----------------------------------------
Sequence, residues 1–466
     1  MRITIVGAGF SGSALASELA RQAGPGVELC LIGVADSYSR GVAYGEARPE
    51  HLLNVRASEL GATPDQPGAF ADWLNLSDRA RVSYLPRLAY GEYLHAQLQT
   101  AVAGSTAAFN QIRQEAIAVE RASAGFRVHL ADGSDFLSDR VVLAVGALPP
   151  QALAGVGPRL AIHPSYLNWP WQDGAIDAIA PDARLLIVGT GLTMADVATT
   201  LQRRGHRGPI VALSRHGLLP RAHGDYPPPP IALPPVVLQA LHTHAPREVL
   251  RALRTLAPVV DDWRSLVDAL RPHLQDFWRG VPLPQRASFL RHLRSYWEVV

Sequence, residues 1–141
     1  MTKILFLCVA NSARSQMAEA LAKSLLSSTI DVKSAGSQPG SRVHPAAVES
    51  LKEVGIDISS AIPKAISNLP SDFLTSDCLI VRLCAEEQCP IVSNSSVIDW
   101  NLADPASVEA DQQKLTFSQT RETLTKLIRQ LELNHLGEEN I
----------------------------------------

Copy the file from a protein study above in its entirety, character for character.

Sequence, residues 1–466
     1  MRITIVGAGF SGSALASELA RQAGPGVELC LIGVADSYSR GVAYGEARPE
    51  HLLNVRASEL GATPDQPGAF ADWLNLSDRA RVSYLPRLAY GEYLHAQLQT
   101  AVAGSTAAFN QIRQEAIAVE RASAGFRVHL ADGSDFLSDR VVLAVGALPP
   151  QALAGVGPRL AIHPSYLNWP WQDGAIDAIA PDARLLIVGT GLTMADVATT
   201  LQRRGHRGPI VALSRHGLLP RAHGDYPPPP IALPPVVLQA LHTHAPREVL
   251  RALRTLAPVV DDWRSLVDAL RPHLQDFWRG VPLPQRASFL RHLRSYWEVV

Sequence, residues 1–141
     1  MTKILFLCVA NSARSQMAEA LAKSLLSSTI DVKSAGSQPG SRVHPAAVES
    51  LKEVGIDISS AIPKAISNLP SDFLTSDCLI VRLCAEEQCP IVSNSSVIDW
   101  NLADPASVEA DQQKLTFSQT RETLTKLIRQ LELNHLGEEN I